credit: Courtesy of We Are Solid / We Are Solid Gold

Los Angeles-based comedian and musician Peter Shukoff performs under the name Nice Peter. “You can’t really heckle me,” he said. “Everything you give me is good for the show.”

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Comedy: Nice career vault for ‘Rap Battles’ co-creator

Published: Thursday, May. 29, 2014 - 7:35 pm

If you’re one of the millions of people to have watched an installment of the hit YouTube series “Epic Rap Battles of History,” you’ve seen Peter Shukoff, a.k.a. Nice Peter. This summer, the co-creator of the acclaimed series is taking his show on the road, including Harlow’s on Tuesday. The Bee talked to Shukoff.

Tell us a little about how you got your start.

I went to Chicago to perform improv, and I was doing comedy and music. I didn’t really know what I was doing. But I met Lloyd, who’s my partner in the rap battles, at a porch on a party, and he invited me to join his touring improv group. I got kinda hooked on that concept. I kind of cut my teeth doing comedy in the most unconducive environments possible, like in a fully operating McDonald’s in Detroit.

What kind of audience do you get there?

Oh, it was in a restaurant on campus. It was like, noon. It was a bunch of students who were just not in the mood. We were just tooling around the Midwest, doing three- or four-hour sets in front of a bar full of people. I learned a lot, but after eight years of that, I just felt like I was hitting a wall, so I moved to L.A. After a while, though, I was just running out of steam. And Lloyd, again, sent me over this casting notice saying this YouTube startup company was looking for writers. I applied and I became their resident songwriter. And that company was just sold to Disney for tons of money. Quite a journey!

And where’s the name Nice Peter come from?

Well, I was in Chicago, and I played on stage, and my name was Peter Shukoff. I wanted something a little catchier. … One night, I was playing at a hip-hop open mike, and the MC there, he used to call me “Pete Nice” after the rapper from the ’80s who’s got some old-school street cred. And one night he called me “Nice Pete.” And I was like “ ‘Nice Pete,’ that has a sort of nice ring to it!” I ran home and checked, and nicepete.com was taken, but nicepeter.com was not, so I changed my name.

Turning to the tour, have you done anything like this?

I used to do these tours of England that would pretty much save my year, both financially and emotionally. England was a place where I could go where I feel like I was successful.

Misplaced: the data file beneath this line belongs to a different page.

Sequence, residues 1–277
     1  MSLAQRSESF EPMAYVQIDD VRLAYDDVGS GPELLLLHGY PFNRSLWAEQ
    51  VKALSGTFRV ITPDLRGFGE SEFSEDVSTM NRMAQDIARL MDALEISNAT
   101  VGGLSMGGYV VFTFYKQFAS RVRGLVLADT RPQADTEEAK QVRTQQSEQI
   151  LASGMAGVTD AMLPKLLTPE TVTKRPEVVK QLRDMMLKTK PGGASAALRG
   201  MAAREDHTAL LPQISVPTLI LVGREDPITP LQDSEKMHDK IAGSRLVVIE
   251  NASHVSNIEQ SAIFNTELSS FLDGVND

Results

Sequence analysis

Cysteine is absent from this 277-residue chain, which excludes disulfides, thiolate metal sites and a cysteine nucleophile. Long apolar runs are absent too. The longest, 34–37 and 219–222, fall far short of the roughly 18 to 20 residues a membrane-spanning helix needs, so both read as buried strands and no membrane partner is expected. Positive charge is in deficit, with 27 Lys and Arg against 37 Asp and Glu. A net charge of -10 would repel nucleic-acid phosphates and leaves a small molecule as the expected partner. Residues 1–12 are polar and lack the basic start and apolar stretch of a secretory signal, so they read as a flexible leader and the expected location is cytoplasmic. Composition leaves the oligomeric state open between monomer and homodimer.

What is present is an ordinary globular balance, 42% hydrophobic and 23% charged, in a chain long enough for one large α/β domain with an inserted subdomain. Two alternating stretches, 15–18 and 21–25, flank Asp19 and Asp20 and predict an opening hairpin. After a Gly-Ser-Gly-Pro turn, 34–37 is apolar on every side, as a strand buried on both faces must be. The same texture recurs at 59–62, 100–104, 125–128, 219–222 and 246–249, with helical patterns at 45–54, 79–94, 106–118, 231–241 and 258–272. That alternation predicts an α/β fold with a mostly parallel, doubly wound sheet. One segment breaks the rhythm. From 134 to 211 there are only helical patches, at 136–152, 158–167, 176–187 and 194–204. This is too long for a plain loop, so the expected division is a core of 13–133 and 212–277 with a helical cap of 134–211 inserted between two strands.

Did you take any inspiration from any British comics? Were you raised on Monty Python or anything like that?

Not really. My old set used to be pretty racy. I was frustrated and I was angry at things, and I dealt with it in a really funny way, so I sang songs from a place of angst. It was just bar humor, and it connected with England really well. If you go into a little town in England and say, “I love this town. This is a really nice place,” they’ll boo you off the stage. But if you go into a bar and England and say, “This town is the s-----iest town I’ve ever seen in my life,” they’ve love you instantly. They like a good crack, you know.

What have you got in store with this tour?

The audience is gonna be a big part of the show. … A lot of people know the lyrics better than I do. They’ll pick which character they wanna play, and I’ll do the other character.

Who tends to be the audience you draw?

When we look at our YouTube demographics, we get a really interesting mix of 15-year-olds and 50-year-olds. There’s something there for everybody. One time up on stage we had a small girl, a very large Swedish man named Thor, and just a normal kid in glasses, and they all rapped. The girl was the best, actually; she crushed it.

How does a guy named Nice Peter deal with hecklers?

You can’t really heckle me. Everything you give me is good for the show. That’s usually my favorite moment of the show, when we start singing about, “Oh God, this guy brought a watermelon to a show. Why do you have a watermelon? This next song is about this man and his watermelon.” And that makes a recurring theme, and that makes it a more memorable experience for them and for me. … It’s kind of an open forum, and I’m just kind of the conductor.

Read more articles by Jack Newsham



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